The Hindenburg disaster of 1937 is an example of the destructive force that pure hydrogen can have. The Hindenburg was a hydrogen-filled airship, and its explosion produced an estimated 160 metric tons of water, in addition to killing 36 people. And the water produced by such an explosion would not necessarily be drinkable: it would have been contaminated with fuel and other chemicals and debris released in the explosion as well.
This principle is commonly demonstrated in science classes with the “hydrogen pop” test. Hydrogen is collected in a small, upside-down test tube, and then a lit match is applied to the open end of the tube. There is a noticeable “popping” sound, and water vapor is formed inside the tube.
How could we safely make water?
If we were to attempt to make enough water to ease world water shortages, we would first need to create highly purified hydrogen and oxygen. Otherwise the resulting water will be contaminated and not drinkable.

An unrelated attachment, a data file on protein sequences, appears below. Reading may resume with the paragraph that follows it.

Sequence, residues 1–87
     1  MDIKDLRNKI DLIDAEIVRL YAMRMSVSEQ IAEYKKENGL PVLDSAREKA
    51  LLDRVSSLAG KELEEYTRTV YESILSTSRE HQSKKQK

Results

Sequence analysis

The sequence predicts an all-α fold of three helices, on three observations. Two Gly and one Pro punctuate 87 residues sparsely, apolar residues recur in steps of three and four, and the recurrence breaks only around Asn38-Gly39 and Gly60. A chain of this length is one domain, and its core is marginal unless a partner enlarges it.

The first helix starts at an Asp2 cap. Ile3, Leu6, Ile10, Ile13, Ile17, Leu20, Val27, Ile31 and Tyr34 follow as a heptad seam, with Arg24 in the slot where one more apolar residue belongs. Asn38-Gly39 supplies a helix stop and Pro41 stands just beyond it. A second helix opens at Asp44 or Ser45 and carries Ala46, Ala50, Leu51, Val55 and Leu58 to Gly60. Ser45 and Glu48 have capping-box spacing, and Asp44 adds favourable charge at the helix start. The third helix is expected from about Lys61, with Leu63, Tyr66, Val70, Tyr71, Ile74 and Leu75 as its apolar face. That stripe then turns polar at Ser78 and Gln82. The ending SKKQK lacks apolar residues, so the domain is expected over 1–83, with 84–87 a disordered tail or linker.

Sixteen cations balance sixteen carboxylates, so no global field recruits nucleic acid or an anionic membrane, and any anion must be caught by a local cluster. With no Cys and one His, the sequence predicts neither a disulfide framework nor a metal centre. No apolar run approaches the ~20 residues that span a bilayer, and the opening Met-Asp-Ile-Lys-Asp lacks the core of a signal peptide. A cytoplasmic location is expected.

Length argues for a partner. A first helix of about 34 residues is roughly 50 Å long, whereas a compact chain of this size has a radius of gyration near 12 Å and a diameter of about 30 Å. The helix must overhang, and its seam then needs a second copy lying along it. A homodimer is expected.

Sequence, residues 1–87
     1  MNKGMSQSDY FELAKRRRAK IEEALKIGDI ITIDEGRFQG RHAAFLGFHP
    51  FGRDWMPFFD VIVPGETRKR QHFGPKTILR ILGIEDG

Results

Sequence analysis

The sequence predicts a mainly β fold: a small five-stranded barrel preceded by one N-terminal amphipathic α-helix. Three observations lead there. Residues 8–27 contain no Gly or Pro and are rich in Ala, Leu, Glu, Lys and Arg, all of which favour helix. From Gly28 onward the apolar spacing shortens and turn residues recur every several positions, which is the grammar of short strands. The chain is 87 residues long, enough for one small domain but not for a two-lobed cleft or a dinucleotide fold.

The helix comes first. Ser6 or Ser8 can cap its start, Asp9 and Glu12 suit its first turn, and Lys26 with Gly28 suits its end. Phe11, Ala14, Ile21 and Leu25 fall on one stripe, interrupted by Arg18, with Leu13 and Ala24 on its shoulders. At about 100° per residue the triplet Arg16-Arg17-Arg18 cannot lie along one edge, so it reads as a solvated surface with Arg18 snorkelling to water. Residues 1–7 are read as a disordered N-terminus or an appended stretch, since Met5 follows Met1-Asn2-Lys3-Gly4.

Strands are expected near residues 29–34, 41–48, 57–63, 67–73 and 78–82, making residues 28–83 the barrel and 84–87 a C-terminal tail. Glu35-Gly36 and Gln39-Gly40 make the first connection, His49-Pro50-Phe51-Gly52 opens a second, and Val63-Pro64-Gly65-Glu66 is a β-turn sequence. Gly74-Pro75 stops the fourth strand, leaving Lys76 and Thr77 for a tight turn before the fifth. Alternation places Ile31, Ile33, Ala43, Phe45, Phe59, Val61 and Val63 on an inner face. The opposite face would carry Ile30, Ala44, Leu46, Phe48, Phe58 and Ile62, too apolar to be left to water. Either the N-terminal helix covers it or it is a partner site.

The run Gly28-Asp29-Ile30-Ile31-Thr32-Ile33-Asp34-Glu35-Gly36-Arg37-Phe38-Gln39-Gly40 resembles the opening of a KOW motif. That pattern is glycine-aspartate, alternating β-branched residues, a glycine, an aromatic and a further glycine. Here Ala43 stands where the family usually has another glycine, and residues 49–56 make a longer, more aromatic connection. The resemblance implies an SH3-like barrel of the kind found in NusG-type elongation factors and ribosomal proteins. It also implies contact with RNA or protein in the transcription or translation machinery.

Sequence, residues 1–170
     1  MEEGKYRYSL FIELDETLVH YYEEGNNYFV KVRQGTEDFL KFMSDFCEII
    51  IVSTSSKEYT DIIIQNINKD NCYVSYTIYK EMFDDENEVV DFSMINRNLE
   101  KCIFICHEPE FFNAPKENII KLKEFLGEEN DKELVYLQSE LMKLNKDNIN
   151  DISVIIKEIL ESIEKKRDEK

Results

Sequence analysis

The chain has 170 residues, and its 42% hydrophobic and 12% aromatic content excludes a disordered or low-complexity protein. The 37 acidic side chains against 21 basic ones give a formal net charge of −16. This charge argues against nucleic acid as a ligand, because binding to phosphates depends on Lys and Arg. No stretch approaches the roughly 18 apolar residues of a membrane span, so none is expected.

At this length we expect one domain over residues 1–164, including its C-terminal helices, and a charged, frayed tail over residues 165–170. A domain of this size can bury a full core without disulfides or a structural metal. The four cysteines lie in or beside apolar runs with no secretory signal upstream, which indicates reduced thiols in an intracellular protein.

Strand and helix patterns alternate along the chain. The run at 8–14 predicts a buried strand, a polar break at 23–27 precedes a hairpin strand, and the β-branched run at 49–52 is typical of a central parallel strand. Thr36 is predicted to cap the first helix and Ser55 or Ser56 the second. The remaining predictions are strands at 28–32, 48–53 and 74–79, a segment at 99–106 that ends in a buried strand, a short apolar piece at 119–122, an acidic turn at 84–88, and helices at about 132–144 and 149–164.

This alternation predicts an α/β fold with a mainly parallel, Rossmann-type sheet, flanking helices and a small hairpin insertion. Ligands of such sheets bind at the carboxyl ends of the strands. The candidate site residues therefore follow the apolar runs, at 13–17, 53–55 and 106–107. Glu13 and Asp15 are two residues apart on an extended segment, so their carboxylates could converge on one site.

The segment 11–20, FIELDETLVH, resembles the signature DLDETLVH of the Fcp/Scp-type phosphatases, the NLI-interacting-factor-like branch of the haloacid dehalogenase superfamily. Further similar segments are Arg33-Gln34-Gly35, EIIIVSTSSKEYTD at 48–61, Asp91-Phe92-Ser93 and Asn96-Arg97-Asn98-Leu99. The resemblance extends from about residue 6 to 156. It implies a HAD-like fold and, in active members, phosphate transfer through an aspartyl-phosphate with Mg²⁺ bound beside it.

While we do currently have these technologies, they are extremely inefficient and expensive. We can’t produce large volumes of the elements at the necessary purity.
And even then, despite the fact that we know how to make water, we have not yet discovered how to make water safely and at the scale necessary to ease world water shortages. We don’t yet know how to safely cause and contain the huge explosions we would require, or to how to make water without explosions. So, while scientists are still working on that problem, we can’t currently safely make water.
Harvesting water instead of making it
While there are a lot of obstacles preventing us from making water, there are still some innovations being made to help ease global fresh water shortages.
1. Purifying water
A large percentage of our fresh water remains undrinkable, due to either natural or man-made pollution and contamination. In theory, this water could be purified with filters to remove impurities, and decontaminants to kill organic microbes, and be made fit to drink.